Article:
Thursday, March 15, 2012

March 15th - The Ides of March

The Death of Caesar by Jean Leon Gerome (1824 - 1904)

Caesar, beware the Ides of March!

Well, we know that Julius Caesar didn't 'beware', didn't heed the old soothsayer. The Roman Emperor went forward to meet his death seemingly unconscious of the fact that the men around him all had daggers up their sleeves.

Maybe if the old man had been more specific in his warning.

But then, Shakespeare wouldn't have had fodder for a play and wouldn't have written the speech that Marc Anthony delivers - with the opening line that we all remember from school, "Friends, Romans, countrymen, lend me your ears..."

Here's a link to Marlon Brando's stirring rendition of the speech from the 1953, Joseph L Mankiewicz film. Perhaps not done as in classic Shakespearean precedent, but I've always found it very effective.

Brando puts heart and soul into the words, something occasionally left out in the quest to get the words across rather than their meaning. Link.

Marlon Brando as Marc Anthony


  1. I don't think you'll ever hear a better rendition of that speech.

    I remember Caesar each March 15th, and I thought of his words often during the events that lead to George W. Bush's foray into Iraq. Caesar said:

    “Beware the leader who bangs the drums of war in order to whip the citizenry into a patriotic fervor, for patriotism is a double-edged sword. It both emboldens the blood, just as it narrows the mind. And when the drums of war have reached a fever pitch and the blood boils with hate and the mind has closed, the leader will have no need of seizing the rights of the citizenry. Rather, the citizenry, infused with fear and blinded by patriotism, will offer up all of their rights unto the leader and gladly so. How do I know? For this is what I have done. And I am Caesar.”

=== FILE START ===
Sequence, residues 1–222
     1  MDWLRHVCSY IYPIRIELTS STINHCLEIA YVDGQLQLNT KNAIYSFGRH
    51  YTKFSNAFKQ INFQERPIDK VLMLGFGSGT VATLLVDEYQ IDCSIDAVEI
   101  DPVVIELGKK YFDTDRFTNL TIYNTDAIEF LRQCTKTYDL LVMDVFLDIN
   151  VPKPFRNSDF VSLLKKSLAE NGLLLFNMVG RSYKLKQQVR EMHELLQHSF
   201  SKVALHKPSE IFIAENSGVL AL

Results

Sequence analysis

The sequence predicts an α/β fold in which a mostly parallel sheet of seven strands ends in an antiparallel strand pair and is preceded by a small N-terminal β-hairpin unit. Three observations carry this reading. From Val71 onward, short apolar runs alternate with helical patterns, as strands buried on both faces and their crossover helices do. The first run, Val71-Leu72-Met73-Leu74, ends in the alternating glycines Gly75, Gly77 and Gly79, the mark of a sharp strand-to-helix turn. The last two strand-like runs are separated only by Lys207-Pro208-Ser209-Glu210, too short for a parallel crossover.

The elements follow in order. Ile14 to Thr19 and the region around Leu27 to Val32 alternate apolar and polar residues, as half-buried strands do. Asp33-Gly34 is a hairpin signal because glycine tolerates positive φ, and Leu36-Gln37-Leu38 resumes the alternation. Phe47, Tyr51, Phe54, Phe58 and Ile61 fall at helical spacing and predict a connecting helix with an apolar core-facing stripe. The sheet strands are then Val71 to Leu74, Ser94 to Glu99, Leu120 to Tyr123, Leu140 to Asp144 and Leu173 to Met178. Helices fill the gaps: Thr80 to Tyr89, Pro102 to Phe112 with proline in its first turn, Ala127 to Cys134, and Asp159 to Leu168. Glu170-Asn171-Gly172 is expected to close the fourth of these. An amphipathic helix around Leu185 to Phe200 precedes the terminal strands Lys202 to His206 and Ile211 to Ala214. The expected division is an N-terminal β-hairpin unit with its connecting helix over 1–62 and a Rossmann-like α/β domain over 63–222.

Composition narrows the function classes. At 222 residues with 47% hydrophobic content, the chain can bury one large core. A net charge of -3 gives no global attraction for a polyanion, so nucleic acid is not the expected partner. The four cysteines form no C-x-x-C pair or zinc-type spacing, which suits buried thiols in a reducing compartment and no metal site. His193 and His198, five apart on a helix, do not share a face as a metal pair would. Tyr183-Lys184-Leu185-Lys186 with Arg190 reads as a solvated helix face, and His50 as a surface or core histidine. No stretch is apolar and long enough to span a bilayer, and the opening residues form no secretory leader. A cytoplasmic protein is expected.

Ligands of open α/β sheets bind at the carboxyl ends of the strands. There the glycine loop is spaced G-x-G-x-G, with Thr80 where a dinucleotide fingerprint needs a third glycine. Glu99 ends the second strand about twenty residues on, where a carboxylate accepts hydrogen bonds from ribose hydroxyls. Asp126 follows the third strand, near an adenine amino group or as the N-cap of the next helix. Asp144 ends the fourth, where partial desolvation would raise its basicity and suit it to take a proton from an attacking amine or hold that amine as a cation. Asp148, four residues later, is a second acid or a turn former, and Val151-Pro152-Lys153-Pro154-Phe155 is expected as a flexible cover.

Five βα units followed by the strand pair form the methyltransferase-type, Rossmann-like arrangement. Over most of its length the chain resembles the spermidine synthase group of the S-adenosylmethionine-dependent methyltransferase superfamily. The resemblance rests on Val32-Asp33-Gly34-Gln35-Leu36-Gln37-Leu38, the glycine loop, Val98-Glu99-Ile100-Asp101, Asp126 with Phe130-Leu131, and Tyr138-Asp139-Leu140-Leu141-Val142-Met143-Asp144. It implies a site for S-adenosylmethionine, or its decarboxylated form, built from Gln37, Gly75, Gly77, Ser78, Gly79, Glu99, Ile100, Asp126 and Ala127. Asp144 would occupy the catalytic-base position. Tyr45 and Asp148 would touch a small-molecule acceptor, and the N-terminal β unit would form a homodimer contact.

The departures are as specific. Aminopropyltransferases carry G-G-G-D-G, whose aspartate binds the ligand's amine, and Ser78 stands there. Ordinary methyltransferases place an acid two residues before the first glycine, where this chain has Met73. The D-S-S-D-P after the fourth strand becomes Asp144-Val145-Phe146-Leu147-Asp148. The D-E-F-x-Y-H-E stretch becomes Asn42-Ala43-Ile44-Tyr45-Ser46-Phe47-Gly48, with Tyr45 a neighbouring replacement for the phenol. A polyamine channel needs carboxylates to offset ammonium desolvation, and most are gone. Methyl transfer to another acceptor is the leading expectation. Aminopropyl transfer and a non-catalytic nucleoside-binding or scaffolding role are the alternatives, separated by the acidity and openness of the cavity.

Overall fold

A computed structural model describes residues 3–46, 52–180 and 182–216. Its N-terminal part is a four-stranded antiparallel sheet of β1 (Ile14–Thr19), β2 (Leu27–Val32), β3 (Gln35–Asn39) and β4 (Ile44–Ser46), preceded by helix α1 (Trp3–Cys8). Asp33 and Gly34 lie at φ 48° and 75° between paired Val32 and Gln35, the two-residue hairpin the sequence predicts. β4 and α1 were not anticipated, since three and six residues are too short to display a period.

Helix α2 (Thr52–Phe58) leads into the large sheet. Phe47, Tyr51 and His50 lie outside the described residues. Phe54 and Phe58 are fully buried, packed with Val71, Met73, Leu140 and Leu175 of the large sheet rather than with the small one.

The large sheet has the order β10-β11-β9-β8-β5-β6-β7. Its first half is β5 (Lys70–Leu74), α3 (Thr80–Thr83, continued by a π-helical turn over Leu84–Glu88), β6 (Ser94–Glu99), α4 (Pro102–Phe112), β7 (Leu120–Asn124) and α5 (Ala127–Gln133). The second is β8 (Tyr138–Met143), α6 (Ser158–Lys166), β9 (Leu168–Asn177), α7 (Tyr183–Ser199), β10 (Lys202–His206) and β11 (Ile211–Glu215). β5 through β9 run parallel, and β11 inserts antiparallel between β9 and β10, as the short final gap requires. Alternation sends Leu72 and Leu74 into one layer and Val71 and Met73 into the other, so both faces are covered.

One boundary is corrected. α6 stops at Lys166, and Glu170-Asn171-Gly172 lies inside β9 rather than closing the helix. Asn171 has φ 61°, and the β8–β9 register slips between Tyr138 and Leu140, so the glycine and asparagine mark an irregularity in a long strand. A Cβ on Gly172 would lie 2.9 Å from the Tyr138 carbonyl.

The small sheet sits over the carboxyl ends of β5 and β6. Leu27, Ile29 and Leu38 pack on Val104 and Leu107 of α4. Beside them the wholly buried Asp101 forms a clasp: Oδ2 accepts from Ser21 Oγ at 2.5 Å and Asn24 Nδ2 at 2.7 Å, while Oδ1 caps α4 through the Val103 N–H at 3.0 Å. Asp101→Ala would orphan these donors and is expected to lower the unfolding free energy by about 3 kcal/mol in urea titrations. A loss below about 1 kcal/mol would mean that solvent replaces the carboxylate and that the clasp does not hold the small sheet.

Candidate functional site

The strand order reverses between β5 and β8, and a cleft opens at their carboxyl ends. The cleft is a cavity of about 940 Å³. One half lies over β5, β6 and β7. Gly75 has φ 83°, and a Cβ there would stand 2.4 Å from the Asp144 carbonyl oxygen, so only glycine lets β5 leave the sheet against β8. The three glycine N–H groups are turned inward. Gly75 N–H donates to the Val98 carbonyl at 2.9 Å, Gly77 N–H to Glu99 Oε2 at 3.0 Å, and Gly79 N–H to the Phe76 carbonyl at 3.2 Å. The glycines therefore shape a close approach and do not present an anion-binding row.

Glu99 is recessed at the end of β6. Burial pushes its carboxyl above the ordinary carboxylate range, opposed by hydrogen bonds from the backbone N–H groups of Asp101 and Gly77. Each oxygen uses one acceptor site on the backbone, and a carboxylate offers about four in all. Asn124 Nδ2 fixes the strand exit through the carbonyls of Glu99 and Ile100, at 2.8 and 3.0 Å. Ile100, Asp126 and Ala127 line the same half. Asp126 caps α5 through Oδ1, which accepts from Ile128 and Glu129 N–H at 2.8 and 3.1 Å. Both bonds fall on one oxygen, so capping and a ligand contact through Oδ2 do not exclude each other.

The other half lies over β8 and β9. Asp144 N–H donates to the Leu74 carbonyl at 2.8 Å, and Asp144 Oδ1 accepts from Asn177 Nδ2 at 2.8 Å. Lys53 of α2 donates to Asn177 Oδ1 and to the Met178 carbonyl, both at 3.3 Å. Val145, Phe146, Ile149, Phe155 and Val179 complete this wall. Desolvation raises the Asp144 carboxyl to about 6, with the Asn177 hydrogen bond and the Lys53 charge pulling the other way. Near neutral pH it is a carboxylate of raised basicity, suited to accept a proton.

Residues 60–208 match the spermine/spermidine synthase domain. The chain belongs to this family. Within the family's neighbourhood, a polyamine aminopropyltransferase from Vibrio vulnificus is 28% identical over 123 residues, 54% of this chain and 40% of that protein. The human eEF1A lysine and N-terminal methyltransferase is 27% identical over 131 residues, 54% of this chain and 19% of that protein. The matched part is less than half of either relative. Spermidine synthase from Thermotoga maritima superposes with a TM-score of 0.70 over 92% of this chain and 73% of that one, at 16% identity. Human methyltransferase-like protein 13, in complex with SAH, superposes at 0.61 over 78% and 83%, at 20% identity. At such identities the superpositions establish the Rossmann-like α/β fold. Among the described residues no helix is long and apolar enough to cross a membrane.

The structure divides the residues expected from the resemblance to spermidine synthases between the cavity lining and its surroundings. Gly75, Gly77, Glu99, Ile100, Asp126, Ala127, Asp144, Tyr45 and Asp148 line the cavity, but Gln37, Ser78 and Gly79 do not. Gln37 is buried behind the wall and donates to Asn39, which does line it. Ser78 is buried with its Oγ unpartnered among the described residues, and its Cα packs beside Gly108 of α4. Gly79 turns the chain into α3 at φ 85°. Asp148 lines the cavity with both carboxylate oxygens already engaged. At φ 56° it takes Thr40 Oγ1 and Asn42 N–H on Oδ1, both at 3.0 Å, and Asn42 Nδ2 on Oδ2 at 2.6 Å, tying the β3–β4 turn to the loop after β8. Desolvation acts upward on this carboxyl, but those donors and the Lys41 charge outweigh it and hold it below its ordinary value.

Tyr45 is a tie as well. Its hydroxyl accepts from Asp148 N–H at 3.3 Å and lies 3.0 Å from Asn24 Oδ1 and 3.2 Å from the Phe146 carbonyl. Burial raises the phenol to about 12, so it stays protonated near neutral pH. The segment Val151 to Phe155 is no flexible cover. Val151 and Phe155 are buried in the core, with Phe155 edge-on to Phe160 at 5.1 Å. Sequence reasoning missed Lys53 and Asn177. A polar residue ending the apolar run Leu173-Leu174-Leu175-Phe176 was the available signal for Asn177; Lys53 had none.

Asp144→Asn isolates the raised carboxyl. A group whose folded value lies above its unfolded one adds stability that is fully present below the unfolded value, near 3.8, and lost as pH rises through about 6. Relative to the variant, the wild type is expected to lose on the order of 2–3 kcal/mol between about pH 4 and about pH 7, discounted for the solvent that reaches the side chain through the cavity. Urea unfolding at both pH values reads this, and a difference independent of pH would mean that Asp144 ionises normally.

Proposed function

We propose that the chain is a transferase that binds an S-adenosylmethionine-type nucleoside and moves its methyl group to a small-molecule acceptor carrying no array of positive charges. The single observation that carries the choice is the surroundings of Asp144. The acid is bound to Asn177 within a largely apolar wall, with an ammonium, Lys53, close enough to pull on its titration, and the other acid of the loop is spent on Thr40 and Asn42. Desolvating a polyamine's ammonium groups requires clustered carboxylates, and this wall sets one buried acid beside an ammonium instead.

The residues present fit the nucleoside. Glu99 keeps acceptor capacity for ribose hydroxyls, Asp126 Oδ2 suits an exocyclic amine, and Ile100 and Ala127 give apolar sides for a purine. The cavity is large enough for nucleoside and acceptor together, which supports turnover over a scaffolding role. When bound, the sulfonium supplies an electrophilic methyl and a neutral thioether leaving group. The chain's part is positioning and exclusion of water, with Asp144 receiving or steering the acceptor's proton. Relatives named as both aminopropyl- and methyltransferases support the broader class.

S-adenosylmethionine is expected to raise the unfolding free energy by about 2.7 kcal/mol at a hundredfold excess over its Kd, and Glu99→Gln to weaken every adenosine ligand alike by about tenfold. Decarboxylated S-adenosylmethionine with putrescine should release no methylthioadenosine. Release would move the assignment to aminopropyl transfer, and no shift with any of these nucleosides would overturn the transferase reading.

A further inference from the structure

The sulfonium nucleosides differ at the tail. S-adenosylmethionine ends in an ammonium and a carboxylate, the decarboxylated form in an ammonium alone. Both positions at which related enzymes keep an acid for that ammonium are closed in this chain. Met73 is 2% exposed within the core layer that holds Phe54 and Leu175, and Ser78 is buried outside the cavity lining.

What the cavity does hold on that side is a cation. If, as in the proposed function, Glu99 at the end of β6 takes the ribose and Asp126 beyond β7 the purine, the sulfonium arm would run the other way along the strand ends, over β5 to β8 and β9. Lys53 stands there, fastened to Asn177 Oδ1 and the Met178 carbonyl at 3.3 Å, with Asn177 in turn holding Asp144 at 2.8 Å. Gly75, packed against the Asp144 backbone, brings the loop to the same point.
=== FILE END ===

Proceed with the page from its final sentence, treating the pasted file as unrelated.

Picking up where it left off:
2. Omigod, this is chilling as Mark says it above, and it -- to me -- is relevant to the present day.

    I have not heard Marlon Brando give this speech, or else not in decades. I will watch and listen to it.

    It's a reminder that crossword puzzles, including the New York Times' puzzle, often have a few words in an answer, that comes from the famous lines of this play.

  3. Perhaps Bush had a Caesar complex. All these men in power, I suppose, are familiar with Caesar's teachings. Or at least, its results.

    So are we the people. :)

    Yes, I do agree that Brando is marvelous. Very much unappreciated in this role, I think. This is almost a forgotten film. I should write it up for one of my weekly posts.

  4. Kathy: I would imagine crossword puzzles are loaded with Shakespearean bits here and there. :)

    This is a magnificent speech delivered beautifully by an actor who completely understands the part.

  5. Wow! I just watched and listened to Marlon Branda giving that famous speech, which I had never gotten so much from until now.

    Oh, why wasn't I paying such rapt attention to Shakespeare's words in high school?

    Marlon Brando was amazing.

  6. Kathy: Marlon Brando in his prime, was a force of nature.

    We studied JULIUS CAESAR in high school - the play, I mean - so I was kind of familiar with the speech in a vague sort of way. Plus I'd seen this film many MANY years ago.

    But I was impressed again by the power AND understanding that Brando attaches to Shakespear's incredible words.


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